In all of us, there’s a deep-seated desire to feel valued and appreciated.
But there are a select few who find their greatest joy in making others feel this way.
These individuals, who are often found volunteering, lending a hand, or going out of their way to make someone else’s day a little better, are the unsung heroes of our society. They’re the ones who derive genuine pleasure from helping others.
So what makes them tick? What is it about their personalities that sets them apart?
Today, we’re going to delve into the 10 special personality traits of people who genuinely enjoy helping others.
If you find these traits resonating with you, then chances are, you’re one of these wonderful individuals whose kindness makes the world a brighter place.
Let me take you back to a time when I was in college. I had this friend, Mark.
Mark had a unique way of connecting with people. I remember a time when a classmate was going through a rough patch and Mark was there to lend an ear.
He didn’t just listen, he felt their pain and genuinely tried to help in any way he could.
That’s empathy for you – it’s about understanding and sharing the feelings of others. It’s the ability to put oneself in another person’s shoes, and it’s a key trait of those who love to help others.
Now, fast forward to my first job. I worked with a lady named Sarah who was always full of positive energy.
No matter how tough the situation, she always had a smile on her face and believed that things would get better.
One day, I asked her why she was always so upbeat. She said that she believed in the power of positivity and optimism.
When you are optimistic, you believe that you can make a difference, which inspires you to help others.
Optimism is like a beacon of hope that shines even when everything seems dark, and it’s definitely a trait of those who enjoy lending a helping hand.
As someone who genuinely enjoys helping others, one of the most defining traits I possess is altruism.
This trait means that I find genuine satisfaction in doing things for others without expecting anything in return.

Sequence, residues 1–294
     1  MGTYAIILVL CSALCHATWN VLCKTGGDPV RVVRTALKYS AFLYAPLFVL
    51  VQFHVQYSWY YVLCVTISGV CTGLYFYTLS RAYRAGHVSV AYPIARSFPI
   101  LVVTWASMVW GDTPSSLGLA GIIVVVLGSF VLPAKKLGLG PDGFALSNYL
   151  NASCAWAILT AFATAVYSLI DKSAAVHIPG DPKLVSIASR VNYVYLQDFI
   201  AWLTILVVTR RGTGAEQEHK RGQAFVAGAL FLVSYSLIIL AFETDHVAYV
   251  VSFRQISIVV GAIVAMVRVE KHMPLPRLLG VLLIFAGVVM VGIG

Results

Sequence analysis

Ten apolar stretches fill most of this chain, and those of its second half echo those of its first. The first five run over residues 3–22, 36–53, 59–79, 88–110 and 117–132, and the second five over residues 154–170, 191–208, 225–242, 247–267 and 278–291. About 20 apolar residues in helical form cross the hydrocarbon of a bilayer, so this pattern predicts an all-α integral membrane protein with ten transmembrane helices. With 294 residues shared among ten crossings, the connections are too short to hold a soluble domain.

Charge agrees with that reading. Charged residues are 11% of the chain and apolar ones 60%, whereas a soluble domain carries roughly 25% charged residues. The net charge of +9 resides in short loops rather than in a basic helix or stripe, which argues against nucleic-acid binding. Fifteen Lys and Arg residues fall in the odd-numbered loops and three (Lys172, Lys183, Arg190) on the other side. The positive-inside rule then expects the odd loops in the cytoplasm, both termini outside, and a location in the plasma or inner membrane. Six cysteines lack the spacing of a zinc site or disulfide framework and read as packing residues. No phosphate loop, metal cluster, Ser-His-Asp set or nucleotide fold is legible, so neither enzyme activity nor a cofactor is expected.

Whether it’s volunteering at a local shelter, helping a colleague with a challenging task, or simply offering a listening ear to a friend in need – the act of giving brings me joy.
This selfless attitude fuels my actions and continues to inspire me to be of service to others.
Helping others isn’t always a walk in the park.
There can be setbacks, challenges, and sometimes, the person you’re trying to help may not even want it. It’s in these moments, that patience becomes incredibly important.
Imagine you’re trying to teach a young child how to tie their shoelaces. They fumble, they get frustrated, they might even cry.
But you stay calm, you guide them gently, and you don’t give up on them. That’s patience – the ability to tolerate delay without getting frustrated or upset.
It’s this trait that allows those who enjoy helping others to stay committed to their cause, no matter how tough it gets.
Because they understand that change takes time and they’re willing to wait for as long as it takes.
Did you know that expressing gratitude is linked to increased happiness and well-being?
People who genuinely enjoy helping others often have a deep understanding of this.
They’re masters at expressing gratitude, not just for the big things, but for the seemingly small and mundane aspects of life as well.
They appreciate the simple joys, the everyday blessings, and they’re quick to express thanks for them.
This might be as simple as acknowledging a sunny day, a good meal, or a kind word from a friend.